The chapter on how children lie is something teachers figure out pretty quickly. The 4-5 year-old students always tell me they returned their library books and my first inclination is to doubt them. But I've never really thought about it as lying. I just think of it as their development age and that they don't understand the library concept of returning their books. Maybe some do lie. I don't really know. I wasn't really sure about the phrasing of some things in this book. Can you tell? That's why it is good for discussion.

The writing in the book is easy-to-read. It is not a dense, academic book. It is also six years old and feels a bit dated or maybe it is the word "shock" in the title. It is not really shocking. The focus is more on private than public education and the authors sometimes are insensitive in tone toward public education. I don't think a balanced view of education is presented. The authors are trying to persuade specific points-of-view and the tone can be overly dramatic. It's interesting though and has some thought-provoking ideas. Just don't use it as a sole reference.

3 Smileys

Tuesday, June 2, 2015

Demon Dentist by David Walliams, Tony Ross (Illustrator)

Twelve-year-old Alfie hates going to the dentist. His teeth are yellow and brown and he loves sweets. He had an awful experience at the one-and-only dentist in town, Mr. Erstwhile, and has refused to go since then. Erstwhile croaks and a new dentist, Miss Root, shows up at Alfie's school to promote good dental hygiene. Or so it appears. But something is off... she's an odd tooth, saying that she will not give gory details on Erstwhile's death, but then gives the gory details: Erstwhile was found in his surgery room lying in a pool of blood with a dental probe through his heart.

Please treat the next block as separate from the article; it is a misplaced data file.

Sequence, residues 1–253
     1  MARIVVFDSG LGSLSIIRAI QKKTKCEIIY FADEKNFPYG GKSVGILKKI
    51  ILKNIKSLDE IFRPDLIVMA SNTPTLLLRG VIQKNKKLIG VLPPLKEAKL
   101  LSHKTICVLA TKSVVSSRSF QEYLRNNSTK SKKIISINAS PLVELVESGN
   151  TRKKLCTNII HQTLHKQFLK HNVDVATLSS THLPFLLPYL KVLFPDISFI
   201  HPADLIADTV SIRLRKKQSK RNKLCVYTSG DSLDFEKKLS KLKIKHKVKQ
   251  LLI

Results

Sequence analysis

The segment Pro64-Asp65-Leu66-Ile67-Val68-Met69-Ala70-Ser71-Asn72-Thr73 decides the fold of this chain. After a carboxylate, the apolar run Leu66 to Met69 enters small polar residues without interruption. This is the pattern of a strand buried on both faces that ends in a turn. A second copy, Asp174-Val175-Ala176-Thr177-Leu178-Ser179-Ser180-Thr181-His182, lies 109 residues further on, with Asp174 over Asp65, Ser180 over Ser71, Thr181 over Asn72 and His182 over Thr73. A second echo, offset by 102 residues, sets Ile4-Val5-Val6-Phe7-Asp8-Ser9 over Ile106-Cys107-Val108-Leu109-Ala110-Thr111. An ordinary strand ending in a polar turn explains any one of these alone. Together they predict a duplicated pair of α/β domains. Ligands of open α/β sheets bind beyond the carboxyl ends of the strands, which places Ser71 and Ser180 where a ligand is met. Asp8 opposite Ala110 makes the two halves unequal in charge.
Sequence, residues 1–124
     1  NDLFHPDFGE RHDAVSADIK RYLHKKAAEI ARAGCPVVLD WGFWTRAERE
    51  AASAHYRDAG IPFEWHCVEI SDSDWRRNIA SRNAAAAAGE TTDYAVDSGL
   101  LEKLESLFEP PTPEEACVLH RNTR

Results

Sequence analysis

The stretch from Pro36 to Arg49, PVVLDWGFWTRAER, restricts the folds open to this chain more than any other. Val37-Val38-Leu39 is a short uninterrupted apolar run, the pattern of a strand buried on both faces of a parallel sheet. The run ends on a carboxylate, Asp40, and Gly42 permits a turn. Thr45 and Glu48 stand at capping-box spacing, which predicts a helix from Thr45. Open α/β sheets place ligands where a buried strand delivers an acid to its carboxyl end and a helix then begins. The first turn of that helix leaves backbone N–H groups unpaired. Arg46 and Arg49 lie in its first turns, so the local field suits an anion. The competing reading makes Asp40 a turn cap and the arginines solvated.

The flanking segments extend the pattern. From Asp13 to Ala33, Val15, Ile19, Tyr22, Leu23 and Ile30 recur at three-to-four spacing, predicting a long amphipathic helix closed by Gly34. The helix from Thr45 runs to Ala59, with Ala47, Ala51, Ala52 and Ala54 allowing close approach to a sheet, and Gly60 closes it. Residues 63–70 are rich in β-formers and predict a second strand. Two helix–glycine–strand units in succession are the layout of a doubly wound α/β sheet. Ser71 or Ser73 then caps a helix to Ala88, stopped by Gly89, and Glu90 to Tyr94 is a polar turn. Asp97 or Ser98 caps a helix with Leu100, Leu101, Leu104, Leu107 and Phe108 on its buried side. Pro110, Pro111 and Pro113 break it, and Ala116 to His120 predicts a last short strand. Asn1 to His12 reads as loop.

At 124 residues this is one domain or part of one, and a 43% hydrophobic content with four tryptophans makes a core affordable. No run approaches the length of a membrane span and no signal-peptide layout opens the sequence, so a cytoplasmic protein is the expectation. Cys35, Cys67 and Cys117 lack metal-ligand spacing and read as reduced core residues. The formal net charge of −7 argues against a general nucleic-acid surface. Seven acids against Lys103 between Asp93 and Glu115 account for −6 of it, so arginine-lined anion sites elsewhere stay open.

Irony abounds as Miss Root sniffs out Alfie's rotten mouth-full of teeth in the school auditorium like a bloodhound. He gets pegged for an appointment at her office that he is determined to miss. Alfie describes the creepy dentist as, "The pupils in her eyes shone black. On second look, they were blacker than coal. Blacker than oil. Blacker than night. Blacker than the blackest black. In short, they were black." Like a stand-up comedian, the author has great timing that includes some hits and misses. This book needs a "snort-laugh ALERT." If you like silly books with exaggerated characters, then you'll like this comedy.